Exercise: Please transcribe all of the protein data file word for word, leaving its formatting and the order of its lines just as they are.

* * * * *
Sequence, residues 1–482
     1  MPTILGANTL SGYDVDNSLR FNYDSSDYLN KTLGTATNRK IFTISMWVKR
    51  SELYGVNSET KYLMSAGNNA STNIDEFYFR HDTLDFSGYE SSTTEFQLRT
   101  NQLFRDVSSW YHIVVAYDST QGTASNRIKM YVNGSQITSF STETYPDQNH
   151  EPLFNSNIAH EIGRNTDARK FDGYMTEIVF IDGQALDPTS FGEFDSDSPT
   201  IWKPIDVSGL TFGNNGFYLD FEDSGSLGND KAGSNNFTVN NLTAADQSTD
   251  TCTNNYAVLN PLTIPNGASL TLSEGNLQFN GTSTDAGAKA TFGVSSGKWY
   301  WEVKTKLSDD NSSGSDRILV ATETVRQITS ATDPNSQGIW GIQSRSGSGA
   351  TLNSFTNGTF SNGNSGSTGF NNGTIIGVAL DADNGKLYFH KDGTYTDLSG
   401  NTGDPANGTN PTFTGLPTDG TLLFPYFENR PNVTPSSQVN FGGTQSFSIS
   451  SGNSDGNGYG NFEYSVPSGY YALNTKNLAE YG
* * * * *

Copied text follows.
Sequence, residues 1–482
     1  MPTILGANTL SGYDVDNSLR FNYDSSDYLN KTLGTATNRK IFTISMWVKR
    51  SELYGVNSET KYLMSAGNNA STNIDEFYFR HDTLDFSGYE SSTTEFQLRT
   101  NQLFRDVSSW YHIVVAYDST QGTASNRIKM YVNGSQITSF STETYPDQNH
   151  EPLFNSNIAH EIGRNTDARK FDGYMTEIVF IDGQALDPTS FGEFDSDSPT
   201  IWKPIDVSGL TFGNNGFYLD FEDSGSLGND KAGSNNFTVN NLTAADQSTD
   251  TCTNNYAVLN PLTIPNGASL TLSEGNLQFN GTSTDAGAKA TFGVSSGKWY
   301  WEVKTKLSDD NSSGSDRILV ATETVRQITS ATDPNSQGIW GIQSRSGSGA
   351  TLNSFTNGTF SNGNSGSTGF NNGTIIGVAL DADNGKLYFH KDGTYTDLSG
   401  NTGDPANGTN PTFTGLPTDG TLLFPYFENR PNVTPSSQVN FGGTQSFSIS
   451  SGNSDGNGYG NFEYSVPSGY YALNTKNLAE YG